Rain showers that can develop into downpours with the potential to cause flooding are difficult to predict. However, a novel technique identified by researchers from WUR (Wageningen University & Research), KNMI ( the Dutch national meteorological institute) and weather radar specialists Deltares looks set to improve the accuracy of such forecasts.
The group has been using the signal strength of commercial transmitter masts for cell service to precisely measure the precipitation between two points, but also to develop a forecast for several hours.
Ruben Imhoff of the Wageningen Hydrology and Quantitative Water Management Group collaborated with colleagues from KNMI and Deltares to discover how they might deduce the intensity of rainfall between two masts based on the commercial microwave links (CMLs) between the towers. These CMLs are the radio wave signals used by mobile phone traffic.
“Communication companies are interested in as clear a signal as possible. But we are considering the precise opposite,” explained Imhoff. “The attenuation of the signal may be caused by the intensity of the rainfall between two masts. The more intense the precipitation, the more scrambled our data is bounced back. We map these disruptions and translate them into the intensity of precipitation, as well as into short-term forecasts, also known as nowcasting.”
The research team compared data from the KNMI precipitation radars (as used by the Buienradar app and website) with the data obtained from the towers on 12 rainy days. “The results pleasantly surprised us,” remarked Imhoff. “The CML method proves to work fairly well, even during heavy rainfall.” Occasionally, the rain forecast was found to be better than the radar forecast, especially during heavy showers. “However, you must take into consideration that the radar products were not corrected for deviations. Radars too can be improved, and this is currently underway,” he noted.
These findings raise the question of whether CML provides an alternative to radar, which gives a precise overview per square kilometer, including over bodies of water. Imhoff summarized, “Radar provides a stable overview of a large area. Radio wave signals are dense, spaced approximately half a kilometer apart in urban centers, but less so in rural areas. Moreover, the precipitation radar refreshes every five minutes, while the CML data is recorded 15 minutes apart. Increasing the frequency to every five minutes could improve the data. CMLs are a valuable addition to radar data in the Netherlands. These combined images may be used for nowcasting, for example, to predict localized showers.”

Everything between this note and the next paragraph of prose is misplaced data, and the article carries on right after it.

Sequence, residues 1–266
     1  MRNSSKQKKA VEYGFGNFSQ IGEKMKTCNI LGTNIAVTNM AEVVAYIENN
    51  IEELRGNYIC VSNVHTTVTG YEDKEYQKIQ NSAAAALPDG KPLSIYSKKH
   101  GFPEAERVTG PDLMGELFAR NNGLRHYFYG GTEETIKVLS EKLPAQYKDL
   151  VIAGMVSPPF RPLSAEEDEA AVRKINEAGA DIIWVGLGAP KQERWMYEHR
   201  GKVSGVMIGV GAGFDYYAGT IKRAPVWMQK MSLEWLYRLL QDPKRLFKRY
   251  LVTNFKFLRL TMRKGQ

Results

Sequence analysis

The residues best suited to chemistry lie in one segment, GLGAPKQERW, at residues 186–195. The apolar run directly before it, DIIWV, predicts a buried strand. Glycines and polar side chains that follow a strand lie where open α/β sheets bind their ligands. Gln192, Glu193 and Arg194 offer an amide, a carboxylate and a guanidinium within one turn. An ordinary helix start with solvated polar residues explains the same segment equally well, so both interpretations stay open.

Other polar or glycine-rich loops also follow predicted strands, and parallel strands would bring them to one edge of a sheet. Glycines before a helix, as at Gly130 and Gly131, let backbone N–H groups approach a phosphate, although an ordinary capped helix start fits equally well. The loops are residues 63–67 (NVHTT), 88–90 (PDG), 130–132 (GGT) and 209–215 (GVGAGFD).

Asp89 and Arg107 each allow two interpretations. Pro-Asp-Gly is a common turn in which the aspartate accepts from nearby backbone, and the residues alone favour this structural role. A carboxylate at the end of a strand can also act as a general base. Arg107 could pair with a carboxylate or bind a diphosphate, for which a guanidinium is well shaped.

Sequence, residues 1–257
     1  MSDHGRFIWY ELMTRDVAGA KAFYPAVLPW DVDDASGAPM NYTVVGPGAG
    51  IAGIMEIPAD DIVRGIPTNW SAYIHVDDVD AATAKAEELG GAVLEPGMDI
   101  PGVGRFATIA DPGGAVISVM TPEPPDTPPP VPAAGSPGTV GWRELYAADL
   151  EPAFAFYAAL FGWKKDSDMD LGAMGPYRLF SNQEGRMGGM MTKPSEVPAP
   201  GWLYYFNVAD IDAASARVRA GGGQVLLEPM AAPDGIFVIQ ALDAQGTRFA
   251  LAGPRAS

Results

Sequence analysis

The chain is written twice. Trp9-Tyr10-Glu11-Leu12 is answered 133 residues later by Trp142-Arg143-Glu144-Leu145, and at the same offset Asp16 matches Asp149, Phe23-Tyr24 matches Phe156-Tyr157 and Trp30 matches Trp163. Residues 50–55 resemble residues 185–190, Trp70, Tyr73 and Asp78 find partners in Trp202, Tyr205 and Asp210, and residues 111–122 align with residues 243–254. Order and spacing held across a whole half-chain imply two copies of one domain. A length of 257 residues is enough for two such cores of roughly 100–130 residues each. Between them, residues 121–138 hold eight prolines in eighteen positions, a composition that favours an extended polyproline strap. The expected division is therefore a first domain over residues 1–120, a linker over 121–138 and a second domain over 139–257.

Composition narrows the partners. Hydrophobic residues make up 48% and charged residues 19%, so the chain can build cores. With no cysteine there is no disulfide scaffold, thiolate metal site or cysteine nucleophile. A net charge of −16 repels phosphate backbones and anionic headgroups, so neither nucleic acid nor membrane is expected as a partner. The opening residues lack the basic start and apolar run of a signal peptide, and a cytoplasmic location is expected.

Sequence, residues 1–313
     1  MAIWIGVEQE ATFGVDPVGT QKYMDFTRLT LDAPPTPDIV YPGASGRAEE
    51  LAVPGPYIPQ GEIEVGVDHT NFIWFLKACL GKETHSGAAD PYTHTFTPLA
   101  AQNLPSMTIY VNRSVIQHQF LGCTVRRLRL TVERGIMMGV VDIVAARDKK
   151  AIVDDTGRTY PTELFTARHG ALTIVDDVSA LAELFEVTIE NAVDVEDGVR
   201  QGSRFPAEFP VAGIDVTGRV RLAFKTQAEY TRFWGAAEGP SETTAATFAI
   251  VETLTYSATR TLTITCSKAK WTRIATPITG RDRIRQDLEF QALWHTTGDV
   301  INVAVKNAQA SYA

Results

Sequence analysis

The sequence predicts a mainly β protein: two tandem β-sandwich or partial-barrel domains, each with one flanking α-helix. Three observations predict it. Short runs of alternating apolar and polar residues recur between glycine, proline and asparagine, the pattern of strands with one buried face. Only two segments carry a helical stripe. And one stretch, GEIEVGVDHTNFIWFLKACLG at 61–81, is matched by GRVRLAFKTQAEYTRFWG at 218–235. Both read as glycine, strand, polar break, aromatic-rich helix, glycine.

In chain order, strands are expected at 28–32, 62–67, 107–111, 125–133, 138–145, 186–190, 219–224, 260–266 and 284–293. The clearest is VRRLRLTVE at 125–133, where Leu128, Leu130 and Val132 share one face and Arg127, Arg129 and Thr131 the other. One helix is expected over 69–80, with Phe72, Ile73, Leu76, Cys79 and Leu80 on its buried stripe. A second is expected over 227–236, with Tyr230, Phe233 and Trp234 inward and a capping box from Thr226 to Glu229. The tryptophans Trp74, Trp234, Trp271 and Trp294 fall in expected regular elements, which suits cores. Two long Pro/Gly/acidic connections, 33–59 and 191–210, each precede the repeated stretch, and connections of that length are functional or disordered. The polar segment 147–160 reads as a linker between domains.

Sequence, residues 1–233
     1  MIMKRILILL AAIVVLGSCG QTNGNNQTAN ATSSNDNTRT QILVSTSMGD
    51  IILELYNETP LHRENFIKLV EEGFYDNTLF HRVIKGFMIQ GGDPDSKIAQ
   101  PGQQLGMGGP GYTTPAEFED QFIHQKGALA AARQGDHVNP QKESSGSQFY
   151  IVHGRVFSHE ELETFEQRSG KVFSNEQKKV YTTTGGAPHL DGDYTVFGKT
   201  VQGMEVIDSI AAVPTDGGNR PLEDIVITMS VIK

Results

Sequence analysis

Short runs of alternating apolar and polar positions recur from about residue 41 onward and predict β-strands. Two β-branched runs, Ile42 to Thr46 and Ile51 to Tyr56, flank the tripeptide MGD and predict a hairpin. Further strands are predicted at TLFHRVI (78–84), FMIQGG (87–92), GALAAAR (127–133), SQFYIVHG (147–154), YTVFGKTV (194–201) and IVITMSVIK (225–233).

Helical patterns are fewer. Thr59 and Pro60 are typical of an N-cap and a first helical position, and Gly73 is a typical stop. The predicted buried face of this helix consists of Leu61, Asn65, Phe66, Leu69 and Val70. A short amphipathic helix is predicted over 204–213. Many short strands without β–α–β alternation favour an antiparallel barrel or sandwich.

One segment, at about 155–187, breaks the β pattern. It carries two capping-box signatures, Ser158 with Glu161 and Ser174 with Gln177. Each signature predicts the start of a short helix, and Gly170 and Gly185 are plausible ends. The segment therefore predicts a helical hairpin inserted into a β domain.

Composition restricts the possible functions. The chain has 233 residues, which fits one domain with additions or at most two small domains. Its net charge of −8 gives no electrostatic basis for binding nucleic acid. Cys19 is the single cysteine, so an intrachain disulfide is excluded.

The same approach could also be used with new 5G towers, which are even more densely spaced, and, as such, provide more accurate data. However, the researchers don’t yet know how this will work out, as it is unclear how well the CML system works with the higher transmission frequencies employed by 5G. A research proposal for this issue is pending.
The CML system may prove to be particularly useful in countries lacking precipitation radars but with transmitter towers in the urban areas. The KNMI and WUR intend to investigate whether this method may provide short-term forecasts in Nigeria and Sri Lanka.